Hi @Vineyard Seashell , Adobe would have provided you a rejection reason (technical issues, intellectual property violation, missing property release, etc.) If you let us know the reason you were given and post the original file you submitted, we can offer you better feedback and insights. With the small image you provided, it is next to impossible to provide you with any valuable feedback.
If you are new to stock photography, here are some resources that you might find helpful:
It gave the reason as "Technical Issues". I didn't realize that the photo was so small when I uploaded it. Also, when I viewed it in the Adobe app and made the picture as big as I could, I could see a little bit of my finger in the lower left hand corner. Yes, I am new to this, and thank you for the helpful links.
Happy to help. Reviewing your photos at 100-200% on a big screen is the best way to see any technical issues you might have such as soft focus, noise / grain, etc. Your finger would probably be considered a technical issue too. 🙂
Best of luck with your future submissions.
Is it this resolution you upload to Adobe. It's of extreme poor quality and pixelated as though its a thumbnail image. If it's not the thumbnail, what category camera you used to take this pic - phone, compact or DSLR?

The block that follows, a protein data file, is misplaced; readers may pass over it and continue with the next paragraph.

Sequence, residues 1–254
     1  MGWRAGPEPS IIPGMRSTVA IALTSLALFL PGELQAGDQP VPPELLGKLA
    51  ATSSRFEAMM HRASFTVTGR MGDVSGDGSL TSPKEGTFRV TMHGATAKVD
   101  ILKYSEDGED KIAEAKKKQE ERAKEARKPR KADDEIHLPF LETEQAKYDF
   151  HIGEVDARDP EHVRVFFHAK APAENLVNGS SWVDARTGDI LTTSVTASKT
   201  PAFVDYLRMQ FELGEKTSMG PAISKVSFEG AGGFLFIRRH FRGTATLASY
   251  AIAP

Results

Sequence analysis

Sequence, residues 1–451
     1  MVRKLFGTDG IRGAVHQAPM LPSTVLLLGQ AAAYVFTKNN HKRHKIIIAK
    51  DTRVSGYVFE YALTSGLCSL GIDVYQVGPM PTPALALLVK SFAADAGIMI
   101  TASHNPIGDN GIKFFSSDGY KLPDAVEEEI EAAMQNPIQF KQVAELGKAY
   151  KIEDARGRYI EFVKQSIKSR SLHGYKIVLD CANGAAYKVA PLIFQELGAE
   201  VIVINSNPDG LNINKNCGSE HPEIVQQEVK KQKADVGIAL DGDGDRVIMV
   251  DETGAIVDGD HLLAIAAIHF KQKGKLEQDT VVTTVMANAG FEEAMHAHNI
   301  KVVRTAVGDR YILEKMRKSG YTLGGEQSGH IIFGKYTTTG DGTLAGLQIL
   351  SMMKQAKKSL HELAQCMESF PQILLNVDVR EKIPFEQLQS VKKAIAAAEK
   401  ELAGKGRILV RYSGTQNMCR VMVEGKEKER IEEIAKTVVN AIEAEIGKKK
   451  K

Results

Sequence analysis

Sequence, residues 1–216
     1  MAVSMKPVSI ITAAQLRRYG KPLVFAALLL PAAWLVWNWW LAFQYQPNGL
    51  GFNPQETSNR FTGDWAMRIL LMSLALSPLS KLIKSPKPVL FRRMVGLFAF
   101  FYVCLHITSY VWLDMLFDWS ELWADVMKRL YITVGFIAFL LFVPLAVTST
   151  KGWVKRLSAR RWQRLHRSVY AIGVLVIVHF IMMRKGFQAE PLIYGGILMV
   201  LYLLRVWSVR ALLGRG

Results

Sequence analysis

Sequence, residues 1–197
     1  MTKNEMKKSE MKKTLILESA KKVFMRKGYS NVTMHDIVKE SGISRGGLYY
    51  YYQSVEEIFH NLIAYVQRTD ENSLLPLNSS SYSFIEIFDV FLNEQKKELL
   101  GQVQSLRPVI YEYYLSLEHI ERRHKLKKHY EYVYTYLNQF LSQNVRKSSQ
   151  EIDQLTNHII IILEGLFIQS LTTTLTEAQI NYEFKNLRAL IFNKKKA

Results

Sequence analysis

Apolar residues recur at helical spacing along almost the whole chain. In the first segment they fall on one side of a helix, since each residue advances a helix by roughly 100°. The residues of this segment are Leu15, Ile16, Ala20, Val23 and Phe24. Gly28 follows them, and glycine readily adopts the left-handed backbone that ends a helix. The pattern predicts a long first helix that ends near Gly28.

If it's a thumbnail image, you need to upload the original here or we will not be able to give you the true evaluation.
I took the picture on my iPhone, and sent to myself in an email so that I could drag and drop it into the "Upload" screen. But ALL of my submissions that day were rejected and the only information that the reviewers gave was "Technical Issues". I will try and work with some of my pics in Ps and see if it helps to get them accepted. Thanks so much for your input.
Depending on which iPhone you have, you probably have a 12 megapixel camera. 20MP or higher is preferred for Stock photography.
Adobe Stock customers expect the highest visual and technical quality for use in commercial projects like brochures, posters, billboard ads, TV commercials, movies, T-shirts, websites, etc... Read these links.
Phone cameras don't produce the best quality images. With plenty of light and under perfect conditions, you might get a few decent shots from your phone. But better equipment will give you many more pixels and much higher quality images. Start saving now for a good DSLR camera (new or used).
Hope that helps.
Yes, I will check out some good DSLR cameras. Thanks!!!
Most contributors say that every image will need some adjustment in Photoshop - and even if not you need to be checking them at 100%-200%. Just dumping it from camera to stock, isn't likely to get many acceptances, even if you set up technically excellent shots with a tripod from your phone. Adobe don't want to buy (and won't buy) snapshots, they want world class commercial photography.
It is likely the picture from your phone cam will get high rejection rate if any is accepted. This link will explain some of the pitfalls of phone photography for stock imagery. I have seen some really nice iPhone photos on another platform. So, if you would like to improve your phone photography skills then it might be a good thing to invest in learning how to do so. In any case if you are going to invest in a DSLR you will also need to learn how to take good quality photo. Hence, investing in a photography course would be a good thing.